Shades Of Words


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Marvel Studio’s Dr. Strange

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If you are expecting an objective review then I recommend walking away as I am fan of Benedict Cumberbatch and am often more forgiving of his creative endeavors than others. Let me begin with acknowledging the obvious – Cumberbatch yet again embodies a hyper-intelligent, narcissistic, apathetic character. He is predictably brilliant in the movie and displays a surprising sense of comic timing. I don’t doubt his talent but I will really like to see him do something else.
Dr. Strange is an odd movie to review, immensely enjoyable but definitely distinctive from its other Marvel counterpart. The arrogant, flamboyant, neurosurgeon Dr. Stephen Strange lives the life of millionaires and have-it-alls callously stepping over the lives, dreams and hopes of others. An automobile accident leaves him severely damaged and for once in his life he finds he doesn’t pull the strings. In a desperate attempt to regain the strength of his hands, he follows the tales of mystic healing to the base of the Himalayas to Kamar-Taj in Nepal. After the usual dramedy of he-is-stupid-but-still-the-chosen-one, Strange is taken under the tutelage of the Ancient One (Tilda Swinton, who makes this silly character look effortlessly real), and very quickly learns to bend the universe to his will. In fact it appears he had probably studied longer to be a neurosurgeon than to be an astral plane traveler. Strange graduates just in time to fight the evil sorcerer Kaecillius (Mads Mikkelsen, whose considerable talents seem wasted here), who is trying to absorb the planet into the Dark Dimension where Dormammu rules. The planet is the price he is willing to pay for a life of eternity.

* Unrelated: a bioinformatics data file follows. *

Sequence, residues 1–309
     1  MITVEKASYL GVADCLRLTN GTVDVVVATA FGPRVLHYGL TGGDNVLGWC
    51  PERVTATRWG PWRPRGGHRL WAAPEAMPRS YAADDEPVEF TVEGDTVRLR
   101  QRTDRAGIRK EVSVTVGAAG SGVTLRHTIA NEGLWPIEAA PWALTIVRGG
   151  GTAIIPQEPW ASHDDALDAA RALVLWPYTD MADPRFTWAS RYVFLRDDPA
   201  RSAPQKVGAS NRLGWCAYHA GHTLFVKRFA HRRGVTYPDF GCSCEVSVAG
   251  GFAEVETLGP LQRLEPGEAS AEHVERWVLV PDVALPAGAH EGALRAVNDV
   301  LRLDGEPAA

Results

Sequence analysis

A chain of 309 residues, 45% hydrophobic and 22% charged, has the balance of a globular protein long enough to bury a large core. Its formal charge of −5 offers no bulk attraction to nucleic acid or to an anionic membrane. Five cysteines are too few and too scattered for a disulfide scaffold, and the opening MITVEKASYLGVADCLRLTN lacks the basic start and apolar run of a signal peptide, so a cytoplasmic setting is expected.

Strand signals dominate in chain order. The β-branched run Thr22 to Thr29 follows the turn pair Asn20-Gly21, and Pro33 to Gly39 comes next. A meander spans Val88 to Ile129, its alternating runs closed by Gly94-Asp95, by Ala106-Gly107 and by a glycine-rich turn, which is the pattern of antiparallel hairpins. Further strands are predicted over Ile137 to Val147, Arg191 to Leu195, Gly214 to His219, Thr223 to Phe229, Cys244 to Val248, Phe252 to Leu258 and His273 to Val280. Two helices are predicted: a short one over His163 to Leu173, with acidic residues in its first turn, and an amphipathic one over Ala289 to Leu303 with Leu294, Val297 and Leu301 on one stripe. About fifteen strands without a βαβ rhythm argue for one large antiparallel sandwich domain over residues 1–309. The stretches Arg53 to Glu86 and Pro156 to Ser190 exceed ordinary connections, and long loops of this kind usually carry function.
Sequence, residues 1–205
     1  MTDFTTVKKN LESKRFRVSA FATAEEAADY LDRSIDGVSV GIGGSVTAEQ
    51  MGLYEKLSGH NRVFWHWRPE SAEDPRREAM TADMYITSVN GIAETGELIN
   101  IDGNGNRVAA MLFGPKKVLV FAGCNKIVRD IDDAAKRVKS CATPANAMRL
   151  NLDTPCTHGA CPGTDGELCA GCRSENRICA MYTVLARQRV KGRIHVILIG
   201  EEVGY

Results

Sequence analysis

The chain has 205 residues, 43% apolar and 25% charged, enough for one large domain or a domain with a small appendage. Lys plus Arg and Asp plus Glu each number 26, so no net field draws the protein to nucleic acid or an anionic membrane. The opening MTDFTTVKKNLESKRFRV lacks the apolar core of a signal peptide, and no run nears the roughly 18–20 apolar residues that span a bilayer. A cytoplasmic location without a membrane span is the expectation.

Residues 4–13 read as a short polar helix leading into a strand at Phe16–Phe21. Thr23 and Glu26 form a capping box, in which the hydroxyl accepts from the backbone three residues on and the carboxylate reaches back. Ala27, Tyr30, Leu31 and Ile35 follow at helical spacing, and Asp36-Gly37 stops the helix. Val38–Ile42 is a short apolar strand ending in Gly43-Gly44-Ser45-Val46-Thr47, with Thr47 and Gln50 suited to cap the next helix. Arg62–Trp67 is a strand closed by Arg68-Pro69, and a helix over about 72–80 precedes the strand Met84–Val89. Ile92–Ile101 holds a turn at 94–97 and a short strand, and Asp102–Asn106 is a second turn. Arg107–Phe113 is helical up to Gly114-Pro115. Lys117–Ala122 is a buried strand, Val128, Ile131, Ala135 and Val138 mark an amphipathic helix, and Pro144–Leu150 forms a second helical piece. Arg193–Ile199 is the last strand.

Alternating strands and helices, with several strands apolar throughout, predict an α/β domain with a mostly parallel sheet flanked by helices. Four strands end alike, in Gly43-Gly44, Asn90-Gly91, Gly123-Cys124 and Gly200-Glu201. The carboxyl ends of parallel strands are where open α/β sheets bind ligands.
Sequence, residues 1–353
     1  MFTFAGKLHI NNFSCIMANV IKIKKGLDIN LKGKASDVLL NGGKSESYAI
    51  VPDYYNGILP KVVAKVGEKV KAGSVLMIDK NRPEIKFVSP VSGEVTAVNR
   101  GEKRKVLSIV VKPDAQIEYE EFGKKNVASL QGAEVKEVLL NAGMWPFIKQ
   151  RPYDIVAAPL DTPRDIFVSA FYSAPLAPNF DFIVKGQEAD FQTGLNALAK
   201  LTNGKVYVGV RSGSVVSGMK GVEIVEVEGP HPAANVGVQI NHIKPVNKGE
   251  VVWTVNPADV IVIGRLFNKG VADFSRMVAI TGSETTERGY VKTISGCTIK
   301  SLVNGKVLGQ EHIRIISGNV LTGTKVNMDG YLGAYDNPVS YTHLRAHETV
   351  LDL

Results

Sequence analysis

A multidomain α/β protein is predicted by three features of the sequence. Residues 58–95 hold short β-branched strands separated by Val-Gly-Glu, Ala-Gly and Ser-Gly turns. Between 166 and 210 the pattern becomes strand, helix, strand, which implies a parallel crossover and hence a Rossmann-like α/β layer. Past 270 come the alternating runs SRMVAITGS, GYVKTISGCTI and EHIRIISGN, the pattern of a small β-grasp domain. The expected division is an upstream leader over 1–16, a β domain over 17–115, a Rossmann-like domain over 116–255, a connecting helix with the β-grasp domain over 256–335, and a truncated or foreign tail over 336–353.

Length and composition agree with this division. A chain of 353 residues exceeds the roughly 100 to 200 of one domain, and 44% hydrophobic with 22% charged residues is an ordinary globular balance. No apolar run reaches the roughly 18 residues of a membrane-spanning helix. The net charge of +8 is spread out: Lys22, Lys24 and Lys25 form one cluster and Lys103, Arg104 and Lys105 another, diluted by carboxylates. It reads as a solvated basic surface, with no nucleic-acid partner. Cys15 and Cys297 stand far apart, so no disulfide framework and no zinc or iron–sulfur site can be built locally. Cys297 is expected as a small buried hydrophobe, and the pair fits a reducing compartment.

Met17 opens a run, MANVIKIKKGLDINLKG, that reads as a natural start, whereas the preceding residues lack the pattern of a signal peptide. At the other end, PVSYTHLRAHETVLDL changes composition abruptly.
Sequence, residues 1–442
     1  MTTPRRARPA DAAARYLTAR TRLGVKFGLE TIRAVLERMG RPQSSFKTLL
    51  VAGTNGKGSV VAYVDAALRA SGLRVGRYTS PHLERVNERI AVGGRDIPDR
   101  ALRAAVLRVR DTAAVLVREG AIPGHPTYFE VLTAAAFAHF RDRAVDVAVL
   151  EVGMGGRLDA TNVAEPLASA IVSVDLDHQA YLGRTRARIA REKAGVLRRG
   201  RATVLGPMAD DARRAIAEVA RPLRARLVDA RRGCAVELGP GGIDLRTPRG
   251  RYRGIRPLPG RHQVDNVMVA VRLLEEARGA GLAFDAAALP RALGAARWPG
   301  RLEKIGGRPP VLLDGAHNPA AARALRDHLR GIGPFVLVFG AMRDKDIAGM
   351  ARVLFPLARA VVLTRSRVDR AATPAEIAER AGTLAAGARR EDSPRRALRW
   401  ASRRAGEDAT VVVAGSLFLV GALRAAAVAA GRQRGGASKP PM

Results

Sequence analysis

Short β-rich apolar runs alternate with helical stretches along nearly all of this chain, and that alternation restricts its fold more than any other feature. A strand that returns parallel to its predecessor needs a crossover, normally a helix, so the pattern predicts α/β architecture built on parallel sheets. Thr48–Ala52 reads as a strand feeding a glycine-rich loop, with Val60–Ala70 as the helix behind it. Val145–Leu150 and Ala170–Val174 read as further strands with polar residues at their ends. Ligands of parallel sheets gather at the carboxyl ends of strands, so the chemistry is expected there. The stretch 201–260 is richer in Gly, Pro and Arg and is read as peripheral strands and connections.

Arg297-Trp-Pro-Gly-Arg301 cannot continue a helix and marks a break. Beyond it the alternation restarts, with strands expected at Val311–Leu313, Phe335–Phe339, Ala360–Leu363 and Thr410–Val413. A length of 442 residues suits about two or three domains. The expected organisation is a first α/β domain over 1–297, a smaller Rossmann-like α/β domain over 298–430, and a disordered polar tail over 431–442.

In realms of fantasy, Dr. Strange pushes boundaries like no other Marvel before. Imagine Inception on steroids. Strange’s first out of body experience is exactly that for the audience too. Psychedelic montages take us through freakishly bizarre journey through the universe. The time-reversal sequences alone are worth the price of the ticket.
The weak thread of the movie is story. Super hero movies need to latch on to strong moral themes to create empathy for cartoonish, ridiculously clad characters. Dr. Strange is more about one man’s personal journey. The good versus evil storyline is not clearly defined, nor the universe of the mystical magical world. The CGI effects often carry the movie away from the core story. Even the ever brooding Chiwetel Ejiofor cannot provide any gravitas to the flailing storyline.
And the movie makers get it. While immensely entertaining, this movie doesn’t imbibe the sincerity that makes superheroes films somber. It’s almost if everyone realizes how foolish this is and decides to simply have fun with it. For instance, the Cloak of Levitation while obviously a very powerful weapon for Strange to command is used for comical effects. Or the grand climax where the super-villain is defeated by getting stuck in a timeless loop. By the time, Dr. Strange stands up to Dormammu the 5th time, I was rolling in my seat. Movie climaxes are supposed to be awe-inspiring, not nerdy and silly.
It’s sad that the most interested I was in the movie was when the credits finished rolling and Chris Hemsworth’s Thor appears requesting Dr. Strange’s assistance to look for Loki. Now I want to see that movie!
At the end of it this is what I took away from the movie – Use bluetooth while driving.


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Pride & Prejudice